I like the symbolism of love being my word for the year in the same year that it no longer will be my legal name. My blog title will remain the same, as I don’t have to have the last name of Love to be Inspired by Love. And neither do you. What new name or word might you claim for yourself this year? Write it in the “comments” section below to share it with other readers and to let your light shine brightly. Go ahead! (You can always change it later. 🙂 )

Lord, thank you for being the living word in my life. Amen.

A new shoot

The thermometer outside my kitchen window read 0.9 degrees (F) this morning, well below the average for January in New Jersey. And it’s not just in the northeast; much of the U.S. has been gripped by severely cold weather since Christmas. Although it was sunny and bright yesterday it was the coldest day yet this winter, barely getting out of the single digits. The start of the new year has been bleak from that perspective.

How happy I was to look closely at my orchid later in the morning and to see a new shoot! This orchid was given to me by the Deacons at my church in June last year as a “thank you” for the three years I had served as a Deacon. The white flowers lasted for months and when they died off I cut the stem short and put the plant, pot and all, into a clear plastic dry-cleaning bag to preserve the humidity, then placed it out of direct sunlight. More months passed without any sign of new growth yet here it is, the little piece at the top of the old stem, pointing to the left! What a timely reminder that new growth is happening even when it cannot be seen. What a timely reminder to have patience even in times of darkness and cold.

new shoot - orchid

This brought to mind the prophesy that a king would be descended from David: “A shoot will come up from the stump of Jesse; from his roots a Branch will bear fruit” (Isaiah 11:1.) A stump may not look like fertile ground for the future beauty of an orchid, or of the Lord, but a stump is almost all that is needed. Add a trace of water, don’t burn it out in direct sunlight, and be patient. Even when I cannot detect any movement, a new thing is happening!

Lord, thank you for signs of new life and growth. Amen.

Hopeful expectation

For much of the world Christmas has passed. The Christmas trees have been put out at the curb or packed away, the decorations taken down. Radio stations have gone back to their standard programming. Shelves in stores are displaying Valentine’s Day items. But in the Christian church Christmas is a season, not a day, and and it is still here! The expectation of God come to earth in human form, the waiting for God’s peace to rule over all creation – these are things we look for daily, not just on December 25.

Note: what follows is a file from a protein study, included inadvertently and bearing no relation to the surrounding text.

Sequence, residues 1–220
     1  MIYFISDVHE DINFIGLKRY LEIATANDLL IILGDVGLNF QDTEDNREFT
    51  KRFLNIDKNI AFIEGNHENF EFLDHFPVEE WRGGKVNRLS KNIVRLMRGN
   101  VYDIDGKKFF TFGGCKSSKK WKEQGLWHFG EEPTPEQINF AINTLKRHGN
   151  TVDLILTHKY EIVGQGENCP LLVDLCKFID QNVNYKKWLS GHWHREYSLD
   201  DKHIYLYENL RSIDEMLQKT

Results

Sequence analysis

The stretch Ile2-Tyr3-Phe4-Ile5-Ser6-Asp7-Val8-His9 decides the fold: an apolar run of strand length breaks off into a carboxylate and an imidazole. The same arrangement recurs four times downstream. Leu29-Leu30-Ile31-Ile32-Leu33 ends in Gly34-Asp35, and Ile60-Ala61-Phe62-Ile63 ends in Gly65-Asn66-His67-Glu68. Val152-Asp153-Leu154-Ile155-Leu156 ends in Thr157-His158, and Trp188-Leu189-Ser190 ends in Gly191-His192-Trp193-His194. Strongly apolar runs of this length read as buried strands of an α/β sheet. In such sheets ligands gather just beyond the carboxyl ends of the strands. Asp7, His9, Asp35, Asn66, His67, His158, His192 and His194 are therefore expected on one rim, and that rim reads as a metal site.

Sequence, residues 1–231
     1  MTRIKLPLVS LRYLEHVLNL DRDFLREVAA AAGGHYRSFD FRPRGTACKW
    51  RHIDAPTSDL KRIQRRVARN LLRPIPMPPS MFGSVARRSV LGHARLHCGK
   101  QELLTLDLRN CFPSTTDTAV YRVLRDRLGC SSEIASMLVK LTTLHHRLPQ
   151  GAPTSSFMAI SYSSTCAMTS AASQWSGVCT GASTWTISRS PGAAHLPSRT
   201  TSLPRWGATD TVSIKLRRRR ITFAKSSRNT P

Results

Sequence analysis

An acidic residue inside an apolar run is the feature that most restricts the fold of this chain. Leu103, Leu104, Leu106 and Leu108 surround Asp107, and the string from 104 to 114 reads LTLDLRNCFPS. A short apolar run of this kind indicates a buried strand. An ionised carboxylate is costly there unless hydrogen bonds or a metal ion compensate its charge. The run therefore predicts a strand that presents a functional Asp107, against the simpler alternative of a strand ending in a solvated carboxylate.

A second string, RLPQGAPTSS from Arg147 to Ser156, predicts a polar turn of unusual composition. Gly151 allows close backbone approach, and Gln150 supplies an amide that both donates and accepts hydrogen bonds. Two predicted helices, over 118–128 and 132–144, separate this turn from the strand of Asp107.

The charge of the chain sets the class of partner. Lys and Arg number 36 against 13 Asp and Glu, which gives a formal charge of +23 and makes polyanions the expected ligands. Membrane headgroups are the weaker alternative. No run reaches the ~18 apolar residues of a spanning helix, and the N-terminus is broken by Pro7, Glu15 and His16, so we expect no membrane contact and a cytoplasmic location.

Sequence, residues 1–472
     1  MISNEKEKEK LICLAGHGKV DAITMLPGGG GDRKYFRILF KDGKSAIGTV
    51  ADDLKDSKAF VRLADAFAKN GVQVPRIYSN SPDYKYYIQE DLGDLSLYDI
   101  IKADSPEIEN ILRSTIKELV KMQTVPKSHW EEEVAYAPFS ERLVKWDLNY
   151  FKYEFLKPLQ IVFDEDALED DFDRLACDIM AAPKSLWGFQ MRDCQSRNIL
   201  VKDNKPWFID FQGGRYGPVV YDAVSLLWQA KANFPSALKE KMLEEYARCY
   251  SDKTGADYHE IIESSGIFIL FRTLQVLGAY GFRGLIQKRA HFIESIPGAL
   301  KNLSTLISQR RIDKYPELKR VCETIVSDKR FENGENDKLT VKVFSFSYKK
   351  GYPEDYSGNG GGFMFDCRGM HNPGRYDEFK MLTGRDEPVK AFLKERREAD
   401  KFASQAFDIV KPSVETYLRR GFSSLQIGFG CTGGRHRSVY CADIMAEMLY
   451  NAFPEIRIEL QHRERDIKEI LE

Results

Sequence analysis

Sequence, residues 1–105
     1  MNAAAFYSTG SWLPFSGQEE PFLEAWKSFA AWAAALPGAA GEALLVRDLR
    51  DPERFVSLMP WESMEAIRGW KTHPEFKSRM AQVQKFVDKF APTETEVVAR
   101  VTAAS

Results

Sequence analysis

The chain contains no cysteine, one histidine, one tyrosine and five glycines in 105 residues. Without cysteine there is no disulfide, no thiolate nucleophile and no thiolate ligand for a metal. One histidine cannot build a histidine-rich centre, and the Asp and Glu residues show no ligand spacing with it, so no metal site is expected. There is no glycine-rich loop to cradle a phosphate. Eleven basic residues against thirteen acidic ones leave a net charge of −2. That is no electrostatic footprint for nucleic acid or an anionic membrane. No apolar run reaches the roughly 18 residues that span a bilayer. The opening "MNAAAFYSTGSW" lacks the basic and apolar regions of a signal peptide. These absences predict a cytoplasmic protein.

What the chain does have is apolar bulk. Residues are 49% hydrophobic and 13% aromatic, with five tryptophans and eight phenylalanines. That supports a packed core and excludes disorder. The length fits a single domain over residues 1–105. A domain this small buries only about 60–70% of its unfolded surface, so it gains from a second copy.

I thought of expectation today as I plan my wedding. It will be a joyful occasion for two families to come together and meet, extending the love that my fiance and I have for each other. I am making hotel reservations, expecting the arrival of family members from near and far. Some have just started new jobs and they may not be able to make the trip but I expect that they will come. I don’t hold this expectation as an obligation to be fulfilled, but as a hopeful desire that they can be with us for this very special event.

It’s been said that expectations are premeditated resentments, meaning that we are setting ourselves up for disappointment and resentment if/when an expectation is not met, but that implies expectation as an obligation, not a hope. It is the same kind of expectation that we have in Christmas – not that Christ was obligated to appear, but that he did. My expectation of his presence in my life can be one of hope, even in the dark periods of my life, because Christmas happened. At Christmastime and throughout the year I can be hopeful, knowing that Emmanuel – God with us – was here not for a day but for always.

“and hope does not disappoint us, because God’s love has been poured into our hearts through the Holy Spirit that has been given to us.” Romans 5:5.

Lord, I am grateful for the gift of hope that came to earth at Christmas. Amen.

First day of winter

Sunrise was at about 7:20 this morning and sunset will be at 4:32 p.m. The day with the shortest amount of daylight in the northern hemisphere heralds the approach of longer days, although it will be months before warmer temperatures arrive. People in the northern hemisphere celebrate Christmas in the same season as the earliest Christians, and the theme of light overcoming darkness has this seasonal touch to it. I wonder how Christians in the southern hemisphere experience the theme of darkness at Christmas time. Do they revisit the Christmas story in June when they are having their winter solstice?